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Surely you are not prosecuting anyone before the king-archon as I am? Socrates: The Athenians do not call this a prosecution but an indictment, Euthyphro.
Euthyphro: What is this you say? Someone must have indicted you, for you are not going to tell me that you have indicted someone else. Socrates: No indeed. Euthyphro: But someone else has indicted you? Socrates: Quite so. Euthyphro: Who is he? Socrates: I do not really know him myself, Euthyphro.
He is apparently young and unknown. They call him Meletus, I believe. He belongs to the Pitthean deme, if you know anyone from that deme named Meletus, with long hair, not much of a beard, and a rather aquiline nose.
What charge does he bring against you? Socrates: What charge? A not ignoble one I think, for it is no small thing for a young man to have knowledge of such an important subject.
He says he knows how our young men are corrupted and who corrupts them. He is likely to be wise, and when he sees my ignorance corrupting his contemporaries, he proceeds to accuse me to the city as to their mother. I think he is the only one of our public men to start out the right way, for it is right to care first that the young should be as good as possible, just as a good farmer is likely to take care of the young plants first, and of the others later.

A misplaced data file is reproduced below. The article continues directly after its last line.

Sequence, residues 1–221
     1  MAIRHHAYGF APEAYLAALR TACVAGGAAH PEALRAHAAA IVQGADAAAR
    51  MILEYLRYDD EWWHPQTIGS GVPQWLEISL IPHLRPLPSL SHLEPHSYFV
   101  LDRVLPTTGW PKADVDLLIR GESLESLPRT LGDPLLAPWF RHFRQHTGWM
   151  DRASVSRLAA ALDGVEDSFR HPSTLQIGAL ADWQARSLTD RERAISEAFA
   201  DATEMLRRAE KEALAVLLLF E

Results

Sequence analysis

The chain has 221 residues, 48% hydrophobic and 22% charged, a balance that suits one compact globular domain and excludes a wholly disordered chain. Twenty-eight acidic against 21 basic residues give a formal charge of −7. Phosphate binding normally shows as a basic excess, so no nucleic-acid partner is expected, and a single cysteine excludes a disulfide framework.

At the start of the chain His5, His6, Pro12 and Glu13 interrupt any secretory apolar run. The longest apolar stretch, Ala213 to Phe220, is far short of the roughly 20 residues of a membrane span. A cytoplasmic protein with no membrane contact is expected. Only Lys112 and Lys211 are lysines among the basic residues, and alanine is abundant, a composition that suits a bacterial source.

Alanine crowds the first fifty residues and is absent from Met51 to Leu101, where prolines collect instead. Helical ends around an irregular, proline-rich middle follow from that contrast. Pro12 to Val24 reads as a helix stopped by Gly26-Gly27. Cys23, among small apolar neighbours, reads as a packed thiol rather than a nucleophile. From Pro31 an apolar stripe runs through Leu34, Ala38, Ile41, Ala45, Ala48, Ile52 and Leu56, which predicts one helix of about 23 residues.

So, too, Meletus first gets rid of us who corrupt the young shoots, as he says, and then afterwards he will obviously take care of the older ones and become a source of great blessings for the city, as seems likely to happen to one who started out this way.
Euthyphro: I could wish this were true, Socrates, but I fear the opposite may happen. He seems to me to start out by harming the very heart of the city by attempting to wrong you.